Jump to ContentJump to Main Navigation
How Kentucky Became SouthernA Tale of Outlaws, Horse Thieves, Gamblers, and Breeders$
Users without a subscription are not able to see the full content.

Maryjean Wall

Print publication date: 2010

Print ISBN-13: 9780813126050

Published to Kentucky Scholarship Online: September 2011

DOI: 10.5810/kentucky/9780813126050.001.0001

Show Summary Details
Page of

PRINTED FROM KENTUCKY SCHOLARSHIP ONLINE (www.kentucky.universitypressscholarship.com). (c) Copyright The University Press of Kentucky, 2017. All Rights Reserved. Under the terms of the licence agreement, an individual user may print out a PDF of a single chapter of a monograph in KSO for personal use (for details see http://www.kentucky.universitypressscholarship.com/page/privacy-policy).date: 21 April 2018

Introduction

Introduction

Chapter:
(p.1) Introduction
Source:
How Kentucky Became Southern
Author(s):

Maryjean Wall

Publisher:
University Press of Kentucky
DOI:10.5810/kentucky/9780813126050.003.0001

Thoroughbred horse racing experienced an explosive growth in popularity from 1865 to 1910, but Kentucky lost its dominant position as the locus for the breeding of racehorses. The overarching theme behind this struggle to build a Kentucky horse industry was the realization among the region's horsemen that they could not begin to do so without luring the big money from outside capitalists into central Kentucky. Kentucky racehorse breeders got left behind in the new expansion of the sport, even before the Civil War had ended. Racing shifted to the northeast, Bluegrass breeders lost valuable horses to both armies as well as to guerrillas and outlaws, and the only plan of action for a productive future resided with Robert Aitcheson Alexander, the owner of Woodburn Farm, and his handpicked associates.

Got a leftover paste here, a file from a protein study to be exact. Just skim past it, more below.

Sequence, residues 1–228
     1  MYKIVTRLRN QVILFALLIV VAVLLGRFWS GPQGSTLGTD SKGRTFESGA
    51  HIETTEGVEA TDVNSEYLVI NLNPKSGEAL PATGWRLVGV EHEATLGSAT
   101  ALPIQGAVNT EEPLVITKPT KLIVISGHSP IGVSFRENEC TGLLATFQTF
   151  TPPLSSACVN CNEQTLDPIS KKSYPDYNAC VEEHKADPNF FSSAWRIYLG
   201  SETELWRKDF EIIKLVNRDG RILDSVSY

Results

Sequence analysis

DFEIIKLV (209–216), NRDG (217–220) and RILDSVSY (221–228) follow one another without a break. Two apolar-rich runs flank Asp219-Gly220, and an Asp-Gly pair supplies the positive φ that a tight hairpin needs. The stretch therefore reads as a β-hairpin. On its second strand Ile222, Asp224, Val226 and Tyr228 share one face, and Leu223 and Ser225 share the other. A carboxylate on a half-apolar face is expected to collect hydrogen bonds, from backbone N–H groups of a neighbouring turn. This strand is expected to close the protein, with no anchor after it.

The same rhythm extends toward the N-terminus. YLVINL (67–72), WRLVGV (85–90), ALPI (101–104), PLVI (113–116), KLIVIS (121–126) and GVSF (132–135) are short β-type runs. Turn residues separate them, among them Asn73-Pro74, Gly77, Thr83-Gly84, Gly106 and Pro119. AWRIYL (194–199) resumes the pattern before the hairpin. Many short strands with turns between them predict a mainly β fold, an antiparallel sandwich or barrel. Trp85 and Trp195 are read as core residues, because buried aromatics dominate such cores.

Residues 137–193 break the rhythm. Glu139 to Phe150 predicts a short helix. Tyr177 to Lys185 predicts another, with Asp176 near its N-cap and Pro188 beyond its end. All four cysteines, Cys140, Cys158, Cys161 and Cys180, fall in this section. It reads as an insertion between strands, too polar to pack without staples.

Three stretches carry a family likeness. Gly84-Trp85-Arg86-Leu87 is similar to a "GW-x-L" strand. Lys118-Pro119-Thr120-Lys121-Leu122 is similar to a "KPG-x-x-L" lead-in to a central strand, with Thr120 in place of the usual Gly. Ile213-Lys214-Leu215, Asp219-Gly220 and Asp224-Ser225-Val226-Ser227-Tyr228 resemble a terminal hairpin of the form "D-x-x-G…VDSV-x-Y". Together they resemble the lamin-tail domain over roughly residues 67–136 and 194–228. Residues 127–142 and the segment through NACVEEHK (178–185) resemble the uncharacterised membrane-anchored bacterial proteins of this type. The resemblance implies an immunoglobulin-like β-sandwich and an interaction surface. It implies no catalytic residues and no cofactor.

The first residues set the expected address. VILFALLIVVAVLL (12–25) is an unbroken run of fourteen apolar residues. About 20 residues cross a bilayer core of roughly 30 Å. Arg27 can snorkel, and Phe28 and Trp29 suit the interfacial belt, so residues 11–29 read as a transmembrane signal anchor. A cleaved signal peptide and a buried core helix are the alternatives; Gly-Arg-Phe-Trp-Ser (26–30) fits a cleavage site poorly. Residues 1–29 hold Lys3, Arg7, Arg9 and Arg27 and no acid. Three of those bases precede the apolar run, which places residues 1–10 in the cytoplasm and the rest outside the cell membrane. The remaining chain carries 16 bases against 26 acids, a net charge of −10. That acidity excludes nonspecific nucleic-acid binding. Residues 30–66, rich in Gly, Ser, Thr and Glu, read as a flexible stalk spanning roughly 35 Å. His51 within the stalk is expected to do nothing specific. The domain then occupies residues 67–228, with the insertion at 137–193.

Keywords:   racehorse, breeders, Civil War, Bluegrass, Kentucky

Kentucky Scholarship Online requires a subscription or purchase to access the full text of books within the service. Public users can however freely search the site and view the abstracts and keywords for each book and chapter.

Please, subscribe or login to access full text content.

If you think you should have access to this title, please contact your librarian.

To troubleshoot, please check our FAQs , and if you can't find the answer there, please contact us .